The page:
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Bachelor of Technology
Electrical Engineering
Sushen Narkhede (10602004)

Department of Electrical Engineering

National Institute of Technology
Rourkela-769008, Orissa




Bachelor of Technology
Electrical Engineering
Sushen Narkhede (10602004)
Under the guidance of

Department of Electrical Engineering

National Institute of Technology
Rourkela-769008, Orissa


I would like to express my gratitude towards all the people who have contributed their
precious time and effort to help me. Without whom it would not have been possible for
me to understand and complete the project.

I would like to thank Prof Susovon Samanta, Department of Electrical Engineering, our
Project Supervisor for his guidance, support, motivation and encouragement
throughout the period this work was carried out. His readiness for consultation at all
times, his educative comments, his concern and assistance even with practical things
have been invaluable.

We are grateful to Dr. B.D.Subudhi, Professor and Head, Dept. of Electrical Engineering
providing necessary facilities in the department.

Sushen Narkhede(10602004)

National Institute of Technology Rourkela

Rourkela-769008, Orissa

This is to certify that the Project entitled MODELING OF PVARRAY submitted by
Sushen Narkhede and Rajpritam has in partial fulfillment of the requirements for the
award of Bachelor of Technology Degree in Electrical Engineering at National Institute
of Technology, Rourkela (Deemed University) is an authentic work carried out by them
under my supervision and guidance.

Place: Rourkela

(Prof. S.Samanta)
Department of Electrical Engineering
NIT, Rourkela








Chapter 1: Preliminaries


1.1 Sun as a Source

1.2 Solar energy reaching the earths surface
1.3 Spectrum of sun
1.4 Normal Test Conditions

Chapter 2: Photovoltaic Systems


2.1 Photovoltaic Groupings

2.2 Working of a PV cell
2.3 Characteristics of a PV cell
2.4 Materials used in PV cell
2.5 Photovoltaic Applications
Chapter 3: Modeling of PV array


3.1 Representation of PV devices

3.2 Improvisation of model
3.3 Methods to determine the unknown parameters
Chapter 4: Results


Chapter 5: Conclusion





Figure 1.1

Distribution of solar radiation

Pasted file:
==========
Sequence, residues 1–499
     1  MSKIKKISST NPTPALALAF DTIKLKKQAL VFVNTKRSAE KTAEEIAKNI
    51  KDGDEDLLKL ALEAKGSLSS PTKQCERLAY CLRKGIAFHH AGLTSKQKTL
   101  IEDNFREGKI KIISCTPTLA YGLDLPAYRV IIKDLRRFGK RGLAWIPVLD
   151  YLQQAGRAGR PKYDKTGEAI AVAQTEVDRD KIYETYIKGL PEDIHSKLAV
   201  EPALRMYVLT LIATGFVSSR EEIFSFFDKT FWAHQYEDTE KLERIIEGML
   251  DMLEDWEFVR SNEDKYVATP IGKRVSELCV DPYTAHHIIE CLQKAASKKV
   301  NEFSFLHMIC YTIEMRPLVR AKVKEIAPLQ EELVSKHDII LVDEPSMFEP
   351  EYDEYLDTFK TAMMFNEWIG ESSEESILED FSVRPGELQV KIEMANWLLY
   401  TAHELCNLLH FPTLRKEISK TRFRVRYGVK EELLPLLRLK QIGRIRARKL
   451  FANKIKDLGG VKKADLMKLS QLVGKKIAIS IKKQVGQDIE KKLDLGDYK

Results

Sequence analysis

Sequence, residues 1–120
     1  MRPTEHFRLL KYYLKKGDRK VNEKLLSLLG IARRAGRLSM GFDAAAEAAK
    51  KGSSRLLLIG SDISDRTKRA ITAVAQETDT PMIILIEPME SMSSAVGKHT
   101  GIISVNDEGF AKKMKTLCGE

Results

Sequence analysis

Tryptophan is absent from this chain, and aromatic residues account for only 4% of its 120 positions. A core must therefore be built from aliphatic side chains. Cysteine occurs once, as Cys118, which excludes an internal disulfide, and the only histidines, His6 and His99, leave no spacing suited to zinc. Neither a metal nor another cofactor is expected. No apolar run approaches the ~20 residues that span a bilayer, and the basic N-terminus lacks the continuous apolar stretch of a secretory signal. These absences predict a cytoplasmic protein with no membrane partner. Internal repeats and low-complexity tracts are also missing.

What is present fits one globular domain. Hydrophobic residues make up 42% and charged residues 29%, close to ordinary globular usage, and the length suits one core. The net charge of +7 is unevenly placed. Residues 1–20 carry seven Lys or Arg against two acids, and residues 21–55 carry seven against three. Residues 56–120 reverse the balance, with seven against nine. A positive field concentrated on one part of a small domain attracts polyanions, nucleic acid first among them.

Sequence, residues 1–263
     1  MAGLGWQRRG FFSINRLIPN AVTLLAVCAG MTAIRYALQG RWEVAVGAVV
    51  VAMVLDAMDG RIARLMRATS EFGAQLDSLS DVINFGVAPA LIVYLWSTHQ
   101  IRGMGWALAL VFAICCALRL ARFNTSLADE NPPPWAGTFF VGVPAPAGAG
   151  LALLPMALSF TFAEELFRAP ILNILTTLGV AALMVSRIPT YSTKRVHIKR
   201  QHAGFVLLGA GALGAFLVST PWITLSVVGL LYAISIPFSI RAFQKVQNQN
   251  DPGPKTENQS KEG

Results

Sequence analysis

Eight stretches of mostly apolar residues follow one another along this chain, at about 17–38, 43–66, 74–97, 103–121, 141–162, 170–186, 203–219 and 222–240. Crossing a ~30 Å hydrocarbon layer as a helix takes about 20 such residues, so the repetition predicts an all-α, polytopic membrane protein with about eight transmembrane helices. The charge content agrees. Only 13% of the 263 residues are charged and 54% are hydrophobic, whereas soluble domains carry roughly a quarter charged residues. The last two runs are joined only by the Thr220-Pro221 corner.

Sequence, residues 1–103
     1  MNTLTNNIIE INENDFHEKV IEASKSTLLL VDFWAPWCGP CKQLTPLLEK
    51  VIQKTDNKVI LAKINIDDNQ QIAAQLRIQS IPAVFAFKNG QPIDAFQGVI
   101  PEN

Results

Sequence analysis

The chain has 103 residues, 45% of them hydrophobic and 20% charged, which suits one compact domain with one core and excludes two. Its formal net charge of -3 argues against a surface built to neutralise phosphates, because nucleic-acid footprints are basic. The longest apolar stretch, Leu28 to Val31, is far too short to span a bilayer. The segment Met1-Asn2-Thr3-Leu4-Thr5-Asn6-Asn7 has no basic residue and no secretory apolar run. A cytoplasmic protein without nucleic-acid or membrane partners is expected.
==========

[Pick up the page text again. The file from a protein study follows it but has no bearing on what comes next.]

Figure 1.2

Spectral distributions of black body radiation and sun radiation



Basic PV cell structure



Photovoltaic Hierarchy



Working of PV cell



Characteristics of a PV cell



Single Diode model



Double Diode model



I-V curve obtained for SOLTECH 1STH-235



P-V curve obtained for SOLTECH 1STH-235



I-V curve of SOLTECH 1STH-235 at different temperatures



P-V curve of SOLTECH 1STH-235 at different temperatures



I-V curve of SOLTECH 1STH-235 at different Irradiations



P-V curve of SOLTECH 1STH-235 at different Irradiations



Table 4.1: Showing known parameters given in datasheet (Manufacturer - Soltech



Table 4.2: Showing unknown parameters obtained from MATLAB simulation by first


Table 4.3: Showing unknown parameters obtained from MATLAB simulation by second


Photovoltaics (PVs) are arrays (combination of cells) that contain a solar voltaic material
that converts solar energy into electrical energy. PV cell is a basic device for Photovoltaic
Systems. Such systems include multiple components like mechanical and electrical
connections and mountings and various means of regulating and (if required) modifying the
electrical output. Materials that are used for photovoltaic are mono-crystalline silicon,
polycrystalline silicon, microcrystalline silicon, cadmium telluride and copper indium
selenide. The current and voltage available at the PV device terminals can be directly used to
feed small loads like lighting systems or small DC motors. In order to extract maximum